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Bad pet owners, not pit bulls to blame for Edmonton dog-on-dog attacks, expert says


Irresponsible pet owners, not pit bulls, are to blame for a rise in dog-on-dog attacks in Edmonton, says the former president of the Alberta Veterinary Association.

City reports reveal that American Staffordshire terriers  — one of several breeds commonly known as pit bulls — are the worst offenders in fatal dog-on-dog attacks in the past five years. The deadly attacks have some pet owners calling for new restrictions on so called “bully breeds.”

But breed specific legislation would not reduce the number of attacks, said Louis Kwantes, a Sherwood Park veterinarian.

“It can look like a smoking gun, but it’s a little bit of a leap to decide that it’s strictly because of the legislation that there is an increased number of attacks,” Kwantes told CBC’s Edmonton AM.

“Honestly, it’s more of a people problem than a dog problem. We do support protection from dangerous and vicious dogs. But we’re taking it too far to paint all animals from one breed as the same.”

Pit bulls, huskies, German shepherds top list

During the past five years, more than a dozen different breeds — from pit bulls to border collies — were responsible for reported dog-on-dog attacks in Edmonton. But pit bulls, huskies and German shepherds were the top three worst offenders, respectively.

American Staffordshire terriers were responsible for for 23 of the 81 fatal dog-on-dog attacks reported between January 2013 and September 2017, according to city statistics.

Of the 31 fatal dog attacks reported in 2016, American Staffordshire terriers were listed as the worst offenders with nine fatal attacks, followed by unknown breeds at six and huskies at five.

Huskies were blamed for the most attacks in 2015. There were a total of 13 fatal dog-on-dog attacks that year, and huskies were responsible for three. American Staffordshire terriers were responsible for two, and Labrador retrievers were blamed for two.

 

Attacks in Edmonton are now at a five-year high and resulted in the deaths of 30 pets in 2016.

In total, 813 attacks on pets were reported last year — a dramatic rise from the previous three-year average of 600 attacks, and more than double the attacks in 2012.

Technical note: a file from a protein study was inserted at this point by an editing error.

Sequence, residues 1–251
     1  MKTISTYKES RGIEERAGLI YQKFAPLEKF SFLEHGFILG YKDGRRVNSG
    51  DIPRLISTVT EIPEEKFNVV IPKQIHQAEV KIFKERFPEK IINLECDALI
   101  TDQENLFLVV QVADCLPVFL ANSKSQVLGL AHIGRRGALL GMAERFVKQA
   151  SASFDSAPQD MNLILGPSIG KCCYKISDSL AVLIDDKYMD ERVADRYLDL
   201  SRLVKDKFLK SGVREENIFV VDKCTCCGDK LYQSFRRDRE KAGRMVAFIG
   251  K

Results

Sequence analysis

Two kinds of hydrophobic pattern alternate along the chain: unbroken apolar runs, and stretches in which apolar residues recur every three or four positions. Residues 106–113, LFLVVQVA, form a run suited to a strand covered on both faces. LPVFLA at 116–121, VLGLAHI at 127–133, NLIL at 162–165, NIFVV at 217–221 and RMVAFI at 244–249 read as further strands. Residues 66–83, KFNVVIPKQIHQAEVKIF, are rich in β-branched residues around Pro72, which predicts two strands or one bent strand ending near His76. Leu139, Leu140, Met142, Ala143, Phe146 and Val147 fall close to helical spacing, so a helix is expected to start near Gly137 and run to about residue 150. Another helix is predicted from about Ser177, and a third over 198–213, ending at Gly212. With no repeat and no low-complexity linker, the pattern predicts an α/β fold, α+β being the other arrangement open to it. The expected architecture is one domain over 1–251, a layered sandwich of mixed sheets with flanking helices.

Sara Ward, an Edmonton woman whose pet chihuahua was killed by another dog in a southwest Edmonton park this summer, lobbied for access to the city’s breed-specific statistics, which had never been reported publicly.

Ward said the reports are proof that the city needs to reinstate restrictions on pit bulls. Bylaws that required pit bulls to be muzzled on public property and tethered on private property were repealed in 2012.

“I do believe that we have a breed-specific issue on our hands,” Ward said in an interview with CBC Radio’s Edmonton AM on Tuesday. “I know it’s a controversial, touchy subject and people get very heated about it, but we need to go on data.”

But the numbers are not as clear cut as they seem, Kwantes added. Attacks by smaller breeds often go unreported, he said.

“There are a lot of injuries that happen with smaller breed dogs too, but generally the injuries are not as severe, and that doesn’t make it any better. But size is definitely a big factor,” he said.

“The bigger part of the problem is with what owners allow their dogs to do and the situations that they put those dogs in.”

Responsibility falls on owners, vet says

Restrictions should be placed on individual dogs that have proven vicious or dangerous to the public, Kwantes said, but breed-specific legislation is not the answer.

The restrictions are discriminatory and fail to address to the root cause of dog attacks: careless pet owners, he said. 

Kwantes notes that more than a dozen different breeds were responsible for fatal attacks in Edmonton. If bylaw restrictions must be instituted for dogs, then they should apply to all breeds.

“If we’re going to do the best we can to prevent injuries, which are heart-rending, then we should be able to apply the same standards across all the different breeds in order to prevent many different attacks,” he said.

The onus is on pet owners to ensure their dogs are safe, he said. People who choose to have larger dogs need to be even more careful, but it’s unfair to assume that pit bulls are inherently vicious, he added. 

Kwantes said cities need to focus on responsible pet ownership, not singling out one breed.

“Unfortunately, we deal with pets that get the brunt end of attacks from other dogs,” Kwantes said.

“The burden of the responsibility definitely has to lie with humans.”

Listen to Edmonton AM with host Mark Connolly, weekday mornings at CBC Radio One, 93.9 FM in Edmonton. Follow the morning crew on Twitter @EdmAMCBC



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